Paying the Price for Democracy in Afghanistan

Rasoul Sayyaf registering

We are on the cusp of another election. When I think about it, I take a deep breath, close my eyes, and feel a sense of peace. But when I open them again, my heart pounds.

I think about past elections. After a dark, wild period, Afghans gained the right to vote. We elected a president; we hosted democracy. I voted for the first time from under my burqa. People from all over the world worked together with Afghans. We built schools, roads, hospitals, and universities. New doors were open for business. We had a parliament.

For me the biggest achievement was the possibility of getting an education, and being able to choose whether to wear a burqa or consign it to memory. Women’s lives became better, not only socially, but also in politics, business, and cultural affairs.

We had a decade of power and support from the international community. But we paid a very high price for democracy in Afghanistan. As we built schools, they were burned. As we rebuilt roads, engineers were killed in the middle of their projects. Afghans died in suicide attacks in restaurants, hotels, and on the streets. Despite the hardships, the Afghanistan people demonstrated their support for democracy. Now they are working toward maintaining the security to hold another election.

History shows us every fresh political start begins with much energy, promises, and laughter. There is also disagreement over policies. Half of the people shout “hurrah,” while the other half scream, “Allah Akbar!”

But nothing ends without blood. None of the governments of the past have really worked for the people. When one government ends, all hope turns to the new government. But soon people learn that the past government was better than the current. Every day we expect the worst, not the best.

It’s too soon for me to say anything about the upcoming changes and new government in Afghanistan. I know some of the candidates. I know some of their work. I know some of their lies. Other faces are new to me.

I hear their campaigns. It sounds very funny to me that one of them promises to create an Islamic military army for Afghanistan if he is elected president.

When I heard this, I thought, these politicians know how to use religion to deceive the Afghanistan people. I wanted to stand up and tell him that our army is already made up of Muslims. And what difference does that make? Why can’t Afghanistan be a place where all religions can co-exist without labeling everyone and everything by religion?

I love being able to vote to make my beloved country a better, peaceful place, but how can I elect a warlord—a man who yesterday came to us from behind the power of a gun? Afghan blood has dried on his hands and today I am expected to welcome him back through the process of democracy?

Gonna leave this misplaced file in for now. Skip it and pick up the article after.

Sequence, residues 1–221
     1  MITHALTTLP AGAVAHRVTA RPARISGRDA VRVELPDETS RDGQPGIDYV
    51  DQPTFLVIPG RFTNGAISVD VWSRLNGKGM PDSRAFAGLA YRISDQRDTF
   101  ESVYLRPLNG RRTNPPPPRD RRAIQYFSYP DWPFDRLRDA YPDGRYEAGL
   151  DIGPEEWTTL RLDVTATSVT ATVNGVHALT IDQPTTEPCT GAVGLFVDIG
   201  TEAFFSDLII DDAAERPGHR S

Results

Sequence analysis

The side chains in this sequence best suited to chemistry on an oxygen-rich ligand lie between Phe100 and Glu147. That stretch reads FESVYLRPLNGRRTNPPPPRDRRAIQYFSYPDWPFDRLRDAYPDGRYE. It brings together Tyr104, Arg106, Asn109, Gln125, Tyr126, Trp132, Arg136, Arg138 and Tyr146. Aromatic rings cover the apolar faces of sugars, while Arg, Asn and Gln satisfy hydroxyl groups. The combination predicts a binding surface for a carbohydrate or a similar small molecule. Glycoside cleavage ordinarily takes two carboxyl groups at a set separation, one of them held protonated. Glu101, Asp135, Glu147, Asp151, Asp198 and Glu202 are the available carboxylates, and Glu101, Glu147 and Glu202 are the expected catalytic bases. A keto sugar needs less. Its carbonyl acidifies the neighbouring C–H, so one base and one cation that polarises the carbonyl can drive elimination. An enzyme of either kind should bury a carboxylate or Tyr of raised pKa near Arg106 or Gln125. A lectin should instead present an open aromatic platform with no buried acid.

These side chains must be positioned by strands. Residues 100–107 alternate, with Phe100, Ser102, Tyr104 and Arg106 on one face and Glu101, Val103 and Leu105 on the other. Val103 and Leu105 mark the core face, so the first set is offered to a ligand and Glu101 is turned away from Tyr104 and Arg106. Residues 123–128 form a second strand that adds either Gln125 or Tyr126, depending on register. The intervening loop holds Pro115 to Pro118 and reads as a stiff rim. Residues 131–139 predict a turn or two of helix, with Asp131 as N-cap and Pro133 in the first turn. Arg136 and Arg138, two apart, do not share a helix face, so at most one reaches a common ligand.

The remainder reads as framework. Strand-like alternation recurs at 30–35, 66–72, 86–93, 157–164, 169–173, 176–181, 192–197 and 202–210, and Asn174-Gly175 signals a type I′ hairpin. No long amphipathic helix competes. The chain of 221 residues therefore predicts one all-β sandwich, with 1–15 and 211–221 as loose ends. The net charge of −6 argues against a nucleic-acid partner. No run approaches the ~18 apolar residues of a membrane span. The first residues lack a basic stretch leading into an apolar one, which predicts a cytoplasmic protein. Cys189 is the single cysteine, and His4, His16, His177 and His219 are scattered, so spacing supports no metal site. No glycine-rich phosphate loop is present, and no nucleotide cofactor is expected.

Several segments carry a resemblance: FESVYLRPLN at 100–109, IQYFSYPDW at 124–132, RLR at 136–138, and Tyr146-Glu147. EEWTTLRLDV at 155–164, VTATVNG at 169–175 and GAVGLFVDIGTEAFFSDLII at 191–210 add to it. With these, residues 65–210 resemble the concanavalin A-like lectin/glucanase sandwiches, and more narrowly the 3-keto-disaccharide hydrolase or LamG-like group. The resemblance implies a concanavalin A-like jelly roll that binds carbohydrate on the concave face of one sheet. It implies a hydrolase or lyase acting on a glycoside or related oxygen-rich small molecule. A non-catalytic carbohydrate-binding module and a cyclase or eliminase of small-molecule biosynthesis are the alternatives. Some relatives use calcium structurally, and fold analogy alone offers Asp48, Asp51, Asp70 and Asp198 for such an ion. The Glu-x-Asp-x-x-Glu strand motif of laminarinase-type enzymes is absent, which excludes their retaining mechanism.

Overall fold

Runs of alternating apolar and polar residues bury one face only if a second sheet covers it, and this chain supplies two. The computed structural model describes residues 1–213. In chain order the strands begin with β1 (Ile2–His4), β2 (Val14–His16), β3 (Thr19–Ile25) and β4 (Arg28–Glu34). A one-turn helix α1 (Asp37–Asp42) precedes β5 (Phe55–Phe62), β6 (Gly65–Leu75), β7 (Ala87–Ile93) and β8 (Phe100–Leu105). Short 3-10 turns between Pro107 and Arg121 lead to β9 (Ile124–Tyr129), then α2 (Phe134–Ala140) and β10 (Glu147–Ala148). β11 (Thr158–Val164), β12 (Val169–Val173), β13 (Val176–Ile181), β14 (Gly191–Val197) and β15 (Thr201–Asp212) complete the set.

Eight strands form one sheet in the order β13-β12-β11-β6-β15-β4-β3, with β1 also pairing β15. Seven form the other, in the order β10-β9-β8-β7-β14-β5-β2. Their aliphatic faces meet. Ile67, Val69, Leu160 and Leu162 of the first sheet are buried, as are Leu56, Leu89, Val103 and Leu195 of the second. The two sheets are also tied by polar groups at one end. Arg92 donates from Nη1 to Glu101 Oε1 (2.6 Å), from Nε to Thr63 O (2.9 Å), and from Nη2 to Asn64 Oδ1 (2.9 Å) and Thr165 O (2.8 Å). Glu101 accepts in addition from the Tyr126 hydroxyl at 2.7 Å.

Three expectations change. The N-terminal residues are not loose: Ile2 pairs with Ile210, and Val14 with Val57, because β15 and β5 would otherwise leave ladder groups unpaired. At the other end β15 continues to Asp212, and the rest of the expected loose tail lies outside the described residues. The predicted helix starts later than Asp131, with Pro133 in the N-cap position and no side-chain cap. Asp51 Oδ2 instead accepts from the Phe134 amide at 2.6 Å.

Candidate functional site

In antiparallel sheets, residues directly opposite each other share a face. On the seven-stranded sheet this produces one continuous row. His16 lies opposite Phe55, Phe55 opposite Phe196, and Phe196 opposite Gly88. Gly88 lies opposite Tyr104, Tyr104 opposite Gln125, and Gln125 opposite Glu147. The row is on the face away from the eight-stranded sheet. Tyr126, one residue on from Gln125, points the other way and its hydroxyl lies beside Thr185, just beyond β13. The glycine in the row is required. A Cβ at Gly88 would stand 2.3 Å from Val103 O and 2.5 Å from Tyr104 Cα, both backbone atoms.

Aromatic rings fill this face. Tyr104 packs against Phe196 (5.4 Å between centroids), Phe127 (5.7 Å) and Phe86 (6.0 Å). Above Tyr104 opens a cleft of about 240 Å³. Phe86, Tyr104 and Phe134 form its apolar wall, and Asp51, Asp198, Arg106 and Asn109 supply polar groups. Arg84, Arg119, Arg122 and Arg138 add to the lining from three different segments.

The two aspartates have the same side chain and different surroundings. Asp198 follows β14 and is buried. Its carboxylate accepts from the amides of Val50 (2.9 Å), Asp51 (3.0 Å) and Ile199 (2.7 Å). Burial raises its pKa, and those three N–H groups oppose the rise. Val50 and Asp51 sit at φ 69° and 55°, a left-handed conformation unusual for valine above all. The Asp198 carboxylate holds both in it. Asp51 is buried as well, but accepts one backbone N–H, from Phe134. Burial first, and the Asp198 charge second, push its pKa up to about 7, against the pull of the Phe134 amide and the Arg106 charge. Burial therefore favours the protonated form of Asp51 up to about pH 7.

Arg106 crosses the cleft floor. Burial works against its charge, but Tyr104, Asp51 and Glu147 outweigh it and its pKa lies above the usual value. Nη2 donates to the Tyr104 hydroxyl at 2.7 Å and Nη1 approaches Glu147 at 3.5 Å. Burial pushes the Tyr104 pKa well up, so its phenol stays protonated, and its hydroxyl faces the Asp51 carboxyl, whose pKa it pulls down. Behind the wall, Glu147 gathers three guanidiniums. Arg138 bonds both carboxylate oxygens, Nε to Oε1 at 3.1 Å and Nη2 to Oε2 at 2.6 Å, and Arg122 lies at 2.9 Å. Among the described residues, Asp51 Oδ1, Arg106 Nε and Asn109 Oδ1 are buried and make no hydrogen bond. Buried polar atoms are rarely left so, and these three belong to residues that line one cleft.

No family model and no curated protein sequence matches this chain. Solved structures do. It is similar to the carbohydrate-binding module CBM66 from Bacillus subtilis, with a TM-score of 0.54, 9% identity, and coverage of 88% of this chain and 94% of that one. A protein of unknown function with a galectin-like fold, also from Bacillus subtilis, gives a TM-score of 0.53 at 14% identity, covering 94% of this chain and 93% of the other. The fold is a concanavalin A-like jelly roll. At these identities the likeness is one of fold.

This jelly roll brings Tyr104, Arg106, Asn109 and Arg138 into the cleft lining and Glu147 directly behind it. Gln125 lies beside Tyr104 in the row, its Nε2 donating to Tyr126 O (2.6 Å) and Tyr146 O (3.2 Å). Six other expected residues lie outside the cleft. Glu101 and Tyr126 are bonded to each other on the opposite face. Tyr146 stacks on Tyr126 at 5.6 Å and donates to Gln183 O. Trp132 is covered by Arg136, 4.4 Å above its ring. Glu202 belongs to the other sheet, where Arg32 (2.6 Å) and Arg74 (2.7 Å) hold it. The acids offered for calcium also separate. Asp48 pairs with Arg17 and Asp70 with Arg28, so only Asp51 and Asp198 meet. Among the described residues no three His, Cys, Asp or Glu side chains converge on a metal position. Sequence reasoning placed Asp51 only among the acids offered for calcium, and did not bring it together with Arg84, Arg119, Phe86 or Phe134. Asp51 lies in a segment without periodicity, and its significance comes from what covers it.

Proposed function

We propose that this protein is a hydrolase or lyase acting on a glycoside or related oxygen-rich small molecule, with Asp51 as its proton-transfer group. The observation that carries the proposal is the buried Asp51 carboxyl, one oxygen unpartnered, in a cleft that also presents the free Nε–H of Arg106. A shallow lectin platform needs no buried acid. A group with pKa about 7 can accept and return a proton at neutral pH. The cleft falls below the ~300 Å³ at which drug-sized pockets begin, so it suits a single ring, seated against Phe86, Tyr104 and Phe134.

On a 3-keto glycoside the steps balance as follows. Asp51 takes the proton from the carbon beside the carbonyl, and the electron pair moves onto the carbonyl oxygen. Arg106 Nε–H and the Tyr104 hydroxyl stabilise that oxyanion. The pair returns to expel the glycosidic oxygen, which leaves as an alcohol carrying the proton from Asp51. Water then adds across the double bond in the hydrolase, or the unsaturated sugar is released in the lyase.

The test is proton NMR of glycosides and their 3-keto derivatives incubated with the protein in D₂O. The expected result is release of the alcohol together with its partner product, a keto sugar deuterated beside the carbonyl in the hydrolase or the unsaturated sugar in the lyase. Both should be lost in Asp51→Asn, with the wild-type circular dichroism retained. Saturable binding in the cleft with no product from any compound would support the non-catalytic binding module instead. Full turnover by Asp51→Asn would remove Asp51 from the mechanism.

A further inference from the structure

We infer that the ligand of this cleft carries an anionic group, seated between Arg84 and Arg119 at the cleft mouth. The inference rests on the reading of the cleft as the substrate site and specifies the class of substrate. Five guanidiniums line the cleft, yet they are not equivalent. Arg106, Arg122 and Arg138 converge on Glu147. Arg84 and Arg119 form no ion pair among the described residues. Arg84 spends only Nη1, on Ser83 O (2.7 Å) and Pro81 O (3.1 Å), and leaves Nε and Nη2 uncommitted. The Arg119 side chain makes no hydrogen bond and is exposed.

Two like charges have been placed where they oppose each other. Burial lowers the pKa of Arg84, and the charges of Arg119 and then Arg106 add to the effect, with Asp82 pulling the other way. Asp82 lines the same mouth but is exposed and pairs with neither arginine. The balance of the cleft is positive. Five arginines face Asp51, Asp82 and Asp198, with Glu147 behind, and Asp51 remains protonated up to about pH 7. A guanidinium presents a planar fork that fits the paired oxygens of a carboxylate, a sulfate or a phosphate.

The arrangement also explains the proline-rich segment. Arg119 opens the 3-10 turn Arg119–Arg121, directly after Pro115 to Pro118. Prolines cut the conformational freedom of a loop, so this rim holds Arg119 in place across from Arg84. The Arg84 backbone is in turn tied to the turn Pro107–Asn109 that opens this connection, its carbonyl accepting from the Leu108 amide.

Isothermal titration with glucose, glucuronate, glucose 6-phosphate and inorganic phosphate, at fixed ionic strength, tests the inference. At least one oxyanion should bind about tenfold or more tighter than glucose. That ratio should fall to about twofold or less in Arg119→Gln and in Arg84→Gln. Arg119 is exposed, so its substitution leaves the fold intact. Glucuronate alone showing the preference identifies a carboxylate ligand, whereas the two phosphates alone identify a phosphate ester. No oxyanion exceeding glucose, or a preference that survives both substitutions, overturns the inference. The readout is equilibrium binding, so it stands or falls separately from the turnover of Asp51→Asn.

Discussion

What a dilemma to have to choose from among so many candidates, the one who is not quite as bad! I am disappointed by the absence of women. But I believe in the power of Afghan women and I hope women can take part in every way possible to rebuild Afghanistan.

Sitting home mistrustful of the process is not acceptable. We should be part of the election. Like all of my countrymen, I light the candle of hope in my heart and hope for a good future.

I wish that when my children read the history of Afghanistan, they will not be disappointed by the outcome of our upcoming presidential election.

By Anonymous

Photo: Abdul Rab Rasoul Sayyaf, former Islamist warlord, registers as a presidential candidate for the April 2014 election. AFP.


Comments

  1. This is a very well-written, heartfelt piece, as good as anything in an editorial page in the New York Times. You take the reader from sadness at the state of democracy in Afghanistan to a feeling of hope for the future. Please hold on to your dream of equal rights for women and for all religions living side by side. It’s a dream I believe in too.
    Best wishes to you and all Afghanistan in the upcoming months.

  2. Nancy Antle says:

    I agree with Linda — this is outstanding writing! Your essay so clearly depicts the frustrations Afghan voters have and the difficult decisions you all have to make. I especially like the lines: “Sitting home mistrustful of the process is not acceptable. We should be part of the election. Like all of my countrymen, I light the candle of hope in my heart and hope for a good future.” I truly believe that with strong advocates for change like you, your country will be a better place for all its citizens. Thank you for being willing to write about this difficult process. All best wishes.

  3. Keep your belief in women and your hope for a good future. You are a eloquent representative for your country. When your children read the history, they will read your words which are making a new future.

  4. Dear Anonymous: Thank you for this fantastic, clear-eyed essay. So many lines will stay with me, but for now, I focus on these: “Sitting home mistrustful of the process is not acceptable. We should be part of the election. Like all of my countrymen, I light the candle of hope in my heart and hope for a good future.” I light a candle, too. I know others do as well. Stacy

  5. Kat Fitzpatrick says:

    Your eloquence, insight and steady heart astound me and inspire me. Thank you for writing!

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